“The Chinese-American Planning Council would like to thank Assemblywoman Yuh-Line Niou for championing the diverse Asian American community and ensuring that New York State becomes more responsive to its fastest growing community,” said Wayne Ho, President & CEO of the Chinese-American Planning Council (CPC). “We are delighted that the Assembly has passed A7352, which will ensure more accurate data is collected by State agencies. The Asian American, Native Hawaiian, and Pacific Islander community consists of over 30 ethnic groups which experience different social, economic, health, and educational issues. We hope that the Governor and Senate will similarly pass the legislation, ensuring that State resources will be effectively utilized for the most underserved.”

"The Asian Pacific American community is an integral part of New York. Yet little is known about the more than 40 different ethnic groups that comprise the APA community and the needs of our diverse communities. What we do know is that our needs exceed current levels of accessible services and supports. Often, when state agencies issue reports, APAs are not mentioned, or categorized simply as “Asian”, "Asian/Pacific Islander", or “Other”. This aggregation approach renders the different APA ethnic communities invisible and masks the unique social, educational, and economic difficulties in our communities. With the passage of A7352 through the Assembly, we are one step closer to dispelling the model minority myth and providing a better understanding of the real challenges facing New York's fastest growing population," said Anita Gundanna, Co-Executive Director of the Coalition for Asian American Children and Families.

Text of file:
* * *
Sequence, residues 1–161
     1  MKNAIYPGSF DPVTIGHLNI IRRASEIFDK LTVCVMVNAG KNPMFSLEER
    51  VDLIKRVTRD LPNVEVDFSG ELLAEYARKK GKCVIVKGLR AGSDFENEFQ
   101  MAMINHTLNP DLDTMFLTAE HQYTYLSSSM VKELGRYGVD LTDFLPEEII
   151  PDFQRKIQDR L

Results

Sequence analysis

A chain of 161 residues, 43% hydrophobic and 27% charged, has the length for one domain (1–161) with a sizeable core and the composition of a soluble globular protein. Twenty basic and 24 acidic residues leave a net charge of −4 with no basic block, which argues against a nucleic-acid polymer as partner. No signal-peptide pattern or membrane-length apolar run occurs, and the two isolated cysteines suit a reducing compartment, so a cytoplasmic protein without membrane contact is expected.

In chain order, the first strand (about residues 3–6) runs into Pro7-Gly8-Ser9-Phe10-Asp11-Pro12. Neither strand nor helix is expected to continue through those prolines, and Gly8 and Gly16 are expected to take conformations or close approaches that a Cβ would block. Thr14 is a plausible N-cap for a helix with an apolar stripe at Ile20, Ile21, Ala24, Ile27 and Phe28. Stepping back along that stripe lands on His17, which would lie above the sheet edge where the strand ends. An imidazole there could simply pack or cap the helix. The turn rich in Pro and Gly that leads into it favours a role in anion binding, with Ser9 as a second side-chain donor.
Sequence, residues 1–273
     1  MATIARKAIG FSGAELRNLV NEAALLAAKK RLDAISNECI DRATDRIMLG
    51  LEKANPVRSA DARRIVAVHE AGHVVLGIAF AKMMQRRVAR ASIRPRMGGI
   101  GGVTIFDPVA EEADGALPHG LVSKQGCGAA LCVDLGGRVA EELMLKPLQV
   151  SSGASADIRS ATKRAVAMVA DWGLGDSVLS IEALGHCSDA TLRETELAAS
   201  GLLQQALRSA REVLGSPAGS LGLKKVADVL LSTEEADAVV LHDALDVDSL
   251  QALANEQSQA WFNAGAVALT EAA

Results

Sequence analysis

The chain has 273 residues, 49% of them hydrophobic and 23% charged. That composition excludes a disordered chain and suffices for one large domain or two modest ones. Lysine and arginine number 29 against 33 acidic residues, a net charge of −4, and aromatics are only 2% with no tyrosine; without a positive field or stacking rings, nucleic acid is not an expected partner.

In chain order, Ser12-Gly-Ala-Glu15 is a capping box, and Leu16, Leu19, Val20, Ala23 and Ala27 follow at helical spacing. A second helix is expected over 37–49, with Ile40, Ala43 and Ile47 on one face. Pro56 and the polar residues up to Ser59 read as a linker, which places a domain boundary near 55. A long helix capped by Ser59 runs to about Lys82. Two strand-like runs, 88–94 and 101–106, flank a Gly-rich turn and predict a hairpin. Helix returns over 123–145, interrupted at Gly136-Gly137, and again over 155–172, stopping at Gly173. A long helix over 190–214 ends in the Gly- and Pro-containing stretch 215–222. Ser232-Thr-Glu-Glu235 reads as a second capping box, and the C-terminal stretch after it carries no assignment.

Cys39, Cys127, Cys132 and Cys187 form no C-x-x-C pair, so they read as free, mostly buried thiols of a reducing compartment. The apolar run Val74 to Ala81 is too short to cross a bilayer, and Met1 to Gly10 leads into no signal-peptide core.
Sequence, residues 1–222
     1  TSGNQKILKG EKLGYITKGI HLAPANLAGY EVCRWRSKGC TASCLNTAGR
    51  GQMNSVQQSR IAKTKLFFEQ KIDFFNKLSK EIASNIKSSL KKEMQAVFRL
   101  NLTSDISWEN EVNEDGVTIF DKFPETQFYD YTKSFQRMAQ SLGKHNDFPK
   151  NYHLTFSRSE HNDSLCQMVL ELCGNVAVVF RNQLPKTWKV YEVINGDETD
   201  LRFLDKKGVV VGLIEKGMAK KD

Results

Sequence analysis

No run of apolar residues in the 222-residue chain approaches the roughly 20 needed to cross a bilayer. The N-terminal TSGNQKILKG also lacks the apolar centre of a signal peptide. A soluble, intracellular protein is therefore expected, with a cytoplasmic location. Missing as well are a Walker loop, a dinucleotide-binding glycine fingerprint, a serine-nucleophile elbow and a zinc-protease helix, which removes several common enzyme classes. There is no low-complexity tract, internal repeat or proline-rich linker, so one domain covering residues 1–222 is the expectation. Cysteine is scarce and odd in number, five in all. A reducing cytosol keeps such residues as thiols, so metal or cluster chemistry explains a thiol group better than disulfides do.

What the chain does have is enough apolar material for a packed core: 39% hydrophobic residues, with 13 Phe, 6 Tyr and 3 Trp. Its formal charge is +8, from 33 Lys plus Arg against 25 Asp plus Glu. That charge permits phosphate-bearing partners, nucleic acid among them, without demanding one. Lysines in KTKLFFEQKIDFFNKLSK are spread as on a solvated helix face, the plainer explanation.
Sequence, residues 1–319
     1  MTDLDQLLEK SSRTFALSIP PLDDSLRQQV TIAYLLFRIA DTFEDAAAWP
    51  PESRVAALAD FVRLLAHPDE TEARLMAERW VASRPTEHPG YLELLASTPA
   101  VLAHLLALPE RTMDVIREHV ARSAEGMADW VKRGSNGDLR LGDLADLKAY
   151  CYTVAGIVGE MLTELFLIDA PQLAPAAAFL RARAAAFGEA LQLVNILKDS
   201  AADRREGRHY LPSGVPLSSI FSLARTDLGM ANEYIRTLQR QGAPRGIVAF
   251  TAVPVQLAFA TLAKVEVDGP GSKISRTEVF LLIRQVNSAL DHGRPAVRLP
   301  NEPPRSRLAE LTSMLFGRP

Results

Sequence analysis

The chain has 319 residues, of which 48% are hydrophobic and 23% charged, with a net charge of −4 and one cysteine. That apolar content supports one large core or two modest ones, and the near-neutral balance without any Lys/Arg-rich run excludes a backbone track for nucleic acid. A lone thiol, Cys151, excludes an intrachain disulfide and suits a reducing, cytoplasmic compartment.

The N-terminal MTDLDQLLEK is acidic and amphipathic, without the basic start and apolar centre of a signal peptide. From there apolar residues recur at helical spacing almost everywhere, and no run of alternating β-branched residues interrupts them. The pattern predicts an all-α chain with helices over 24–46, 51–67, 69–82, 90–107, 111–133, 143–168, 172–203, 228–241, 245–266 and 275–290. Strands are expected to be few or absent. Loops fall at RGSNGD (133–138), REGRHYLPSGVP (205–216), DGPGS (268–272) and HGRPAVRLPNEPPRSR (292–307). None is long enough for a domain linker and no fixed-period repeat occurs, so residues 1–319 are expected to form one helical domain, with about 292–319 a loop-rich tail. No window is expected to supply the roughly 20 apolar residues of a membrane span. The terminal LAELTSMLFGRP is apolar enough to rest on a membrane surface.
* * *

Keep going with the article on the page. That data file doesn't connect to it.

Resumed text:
"Collecting and using disaggregated data is an essential step toward identifying disparities and addressing inequality amongst the Asian American community," said Christopher Kui, the Executive Director of Asian Americans for Equality. "I want to thank Assembly member Yuh-Line Niou for being a fierce champion of the cause and passing this important Assembly bill."

“The Asian American Federation applauds Assemblywoman Yuh-line Niou and the New York State Assembly for passing Assembly Bill A7352 which require state agencies that collect and report demographic data to begin to collect data on detailed Asian ethnicities,” said Jo-Ann Yoo, Executive Director at Asian American Federation. “With the increasing number and diversity among the Asian communities of New York State, detailed data on Asian ethnicities will enable the state to better meet the needs of those communities. Aggregated data for Asians as a whole hides the real needs of groups within the broad Asian population. For example, while Asian household may have higher median incomes than other households in New York, the poverty rates among Chinese, Bangladeshi and Pakistani communities were higher than all other households. We look forward to working with the Assemblywoman to move the bill forward in the State Senate.”

“I'm excited to see that Assembly Member Yuh Line Niou is making an attempt to improve the accuracy and reliability of the race and ethnicity data in the census in particular for Asian Americans who have been underrepresented in national studies, policy, and programs,” said Isabel Ching, Executive Director at Hamilton Madison House. “This new census data will lead to having positive impact for our communities deserving the fair share of funding.

“OCA-NY commends the passage of this bill as the new ethnic data collected will help reduce disparities in funding needs in many AAPI communities in New York," said David Fung from OCA-NY.